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The Five Gynaecological Cancers

Cancers that start in any part of a woman's reproductive system are called Gynaecological cancers. There are five of them.

Endometrial cancer - also called Uterine cancer or Womb cancer

Ovarian cancer

Cervical cancer

Vulvar cancer

Vaginal cancer

What is Endometrial cancer?

Endometrial cancer is the most common type of gynaecological cancer, it is also known as uterine or womb cancer. It begins in the lining of the uterus, which is a pear-shaped, hollow organ. The uterus is made up of the body of the organ and the cervix, which is the lower part of the uterus that connects to the vagina. When a woman is pregnant, the fetus grows inside the uterus.

The most common symptom of endometrial cancer is abnormal or unexplained bleeding from the vagina, especially in women who have stopped having periods. It is important to note that this may be caused by conditions other than cancer, however women experiencing abnormal bleeding should seek medical attention immediately.

The most common treatment option for endometrial cancer is surgery which may include a hysterectomy (removal of the uterus and cervix). Depending on the extent of the disease, a radical hysterectomy may be done to remove the uterus, cervix, the upper part of the vagina and often the ovaries and fallopian tubes.

What is Ovarian cancer?

A woman has two ovaries and two fallopian tubes, one of each on either side of the uterus. Ovaries produce eggs and the hormones estrogen and progesterone. Ovarian cancer occurs when abnormal cells in the ovaries begin to grow and divide in an uncontrolled way and eventually form a tumour.

Ovarian cancer can be hard to detect as the symptoms are similar to other common conditions. This means that it is often picked up late by which time the disease has often spread and is more difficult to treat and can be fatal. Fortunately, if it is detected early, it can be treated successfully before it gets to this stage. Women should pay attention to their bodies for any unusual changes and seek medical attention immediately.

Ovarian cancer is treated with surgery often combined with other treatment types, including chemotherapy, hormone therapy, targeted therapy and radiation therapy. Surgery usually includes removal of the uterus, both ovaries and the fallopian tubes. The surgeon tries to remove as much of the tumor as possible in a process called debulking.

What is Cervical cancer?

Cervical cancer is cancer that starts in the neck of the womb. The neck of the womb is called the cervix. The good news is that cervical cancer is preventable through vaccination and screening. The main risk factor for cervical cancer is the human papillomavirus (HPV).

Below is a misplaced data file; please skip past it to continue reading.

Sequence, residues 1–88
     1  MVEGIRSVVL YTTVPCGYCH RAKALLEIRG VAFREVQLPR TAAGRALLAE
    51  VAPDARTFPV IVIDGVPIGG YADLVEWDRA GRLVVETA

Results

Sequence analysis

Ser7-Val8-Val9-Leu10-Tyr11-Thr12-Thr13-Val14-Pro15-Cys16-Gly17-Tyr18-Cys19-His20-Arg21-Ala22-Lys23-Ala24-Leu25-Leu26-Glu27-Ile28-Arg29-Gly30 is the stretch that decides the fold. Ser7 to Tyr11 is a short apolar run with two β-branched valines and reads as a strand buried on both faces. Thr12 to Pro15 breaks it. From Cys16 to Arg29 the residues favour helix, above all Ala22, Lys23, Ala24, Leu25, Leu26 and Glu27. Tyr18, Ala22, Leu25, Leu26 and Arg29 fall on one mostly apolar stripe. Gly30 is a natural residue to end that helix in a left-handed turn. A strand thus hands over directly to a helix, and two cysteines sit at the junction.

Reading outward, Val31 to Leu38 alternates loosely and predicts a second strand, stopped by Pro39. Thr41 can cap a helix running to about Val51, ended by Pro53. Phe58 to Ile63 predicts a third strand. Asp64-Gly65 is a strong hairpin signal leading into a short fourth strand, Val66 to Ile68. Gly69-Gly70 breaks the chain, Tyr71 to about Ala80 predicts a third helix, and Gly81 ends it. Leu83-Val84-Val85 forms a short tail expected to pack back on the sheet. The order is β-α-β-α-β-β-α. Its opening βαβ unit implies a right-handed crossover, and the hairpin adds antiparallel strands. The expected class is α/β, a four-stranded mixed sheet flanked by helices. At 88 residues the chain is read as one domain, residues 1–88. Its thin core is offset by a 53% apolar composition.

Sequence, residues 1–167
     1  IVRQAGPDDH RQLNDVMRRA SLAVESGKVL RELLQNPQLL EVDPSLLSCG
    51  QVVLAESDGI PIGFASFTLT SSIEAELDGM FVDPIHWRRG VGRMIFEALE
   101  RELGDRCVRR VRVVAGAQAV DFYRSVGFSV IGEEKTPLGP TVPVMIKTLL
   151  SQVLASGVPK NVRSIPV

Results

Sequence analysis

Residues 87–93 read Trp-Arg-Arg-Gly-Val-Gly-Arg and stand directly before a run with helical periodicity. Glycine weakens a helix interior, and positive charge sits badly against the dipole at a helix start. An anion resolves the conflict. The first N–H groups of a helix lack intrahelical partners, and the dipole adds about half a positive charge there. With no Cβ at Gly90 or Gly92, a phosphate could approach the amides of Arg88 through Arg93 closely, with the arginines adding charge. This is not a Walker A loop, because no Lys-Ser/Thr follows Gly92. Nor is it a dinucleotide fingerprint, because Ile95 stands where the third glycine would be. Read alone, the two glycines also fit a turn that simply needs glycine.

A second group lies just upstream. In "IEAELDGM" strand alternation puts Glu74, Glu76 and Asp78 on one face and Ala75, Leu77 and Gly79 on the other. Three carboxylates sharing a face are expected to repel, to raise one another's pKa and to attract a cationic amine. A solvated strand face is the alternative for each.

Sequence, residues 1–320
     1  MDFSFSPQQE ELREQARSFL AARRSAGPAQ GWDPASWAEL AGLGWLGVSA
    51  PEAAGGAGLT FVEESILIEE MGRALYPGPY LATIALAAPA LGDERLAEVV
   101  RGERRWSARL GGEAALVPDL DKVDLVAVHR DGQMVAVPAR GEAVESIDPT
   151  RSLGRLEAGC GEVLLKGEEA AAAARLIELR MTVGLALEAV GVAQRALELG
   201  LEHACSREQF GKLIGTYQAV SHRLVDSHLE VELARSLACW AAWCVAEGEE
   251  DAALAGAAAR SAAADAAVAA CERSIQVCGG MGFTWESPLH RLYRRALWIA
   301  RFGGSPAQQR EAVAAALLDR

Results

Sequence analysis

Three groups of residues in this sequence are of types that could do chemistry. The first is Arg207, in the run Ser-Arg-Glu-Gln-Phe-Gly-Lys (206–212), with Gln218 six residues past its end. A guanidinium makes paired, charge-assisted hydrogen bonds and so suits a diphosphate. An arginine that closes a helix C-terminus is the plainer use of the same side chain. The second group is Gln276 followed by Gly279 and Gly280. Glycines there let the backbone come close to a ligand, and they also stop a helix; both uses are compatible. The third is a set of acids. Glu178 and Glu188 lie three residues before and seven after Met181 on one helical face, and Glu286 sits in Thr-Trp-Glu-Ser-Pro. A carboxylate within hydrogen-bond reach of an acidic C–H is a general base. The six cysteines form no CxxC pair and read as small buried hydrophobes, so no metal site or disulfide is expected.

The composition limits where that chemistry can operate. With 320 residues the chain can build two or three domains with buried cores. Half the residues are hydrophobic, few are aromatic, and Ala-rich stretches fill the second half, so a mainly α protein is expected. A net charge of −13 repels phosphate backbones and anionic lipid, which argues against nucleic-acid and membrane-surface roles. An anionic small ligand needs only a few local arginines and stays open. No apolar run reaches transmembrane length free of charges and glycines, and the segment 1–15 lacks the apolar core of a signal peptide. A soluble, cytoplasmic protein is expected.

HPV is the most common sexually transmitted infection and both men and women can have the virus; infact most men and women who are sexually active or have been in the past have had an HPV infection at one point or the other without knowing. HPV has no signs or symptoms. Some strains of HPV are also responsible for other types of cancers including penile cancer in men, oral cancer, anal cancer, e.t.c

Early-stage cervical cancer is often treated with radiation therapy or surgery. Treatment for late-stage cervical cancer may include chemoradiation, a combination of chemotherapy and radiation therapy. Cervical cancer is a largely preventable disease, yet it is the second leading cause of cancer death among women in Nigeria.

What is Vulvar cancer?

Vulvar cancer forms in the vulvar, the outer part of a woman’s genitals. This type of cancer is very rare however, it still happens and we need to learn about it. This rare cancer can develop slowly, with few early symptoms. Symptoms may include a lasting itch or pain or soreness of the vulva or an open sore/growth visible on the skin. It is important that women pay attention to their bodies for any unusual changes and report such changes to a doctor as soon as possible.

Most vulvar cancers begin in squamous cells, the main type of skin cells but adenocarcinoma, melanoma, sarcoma and basal cell carcinoma can also appear on the vulvar. Many cases of vulvar cancer are caused by human papillomavirus (HPV).

What is Vaginal cancer?

This is the most rare of the gynaecological cancers. Symptoms may include bleeding when you are not having a period or bleeding after menopause. Another symptom may be a lump or growth in the vagina. Doctors often combine external beam radiation therapy and brachytherapy to treat vaginal cancer. Surgery and chemotherapy are additional treatment options.

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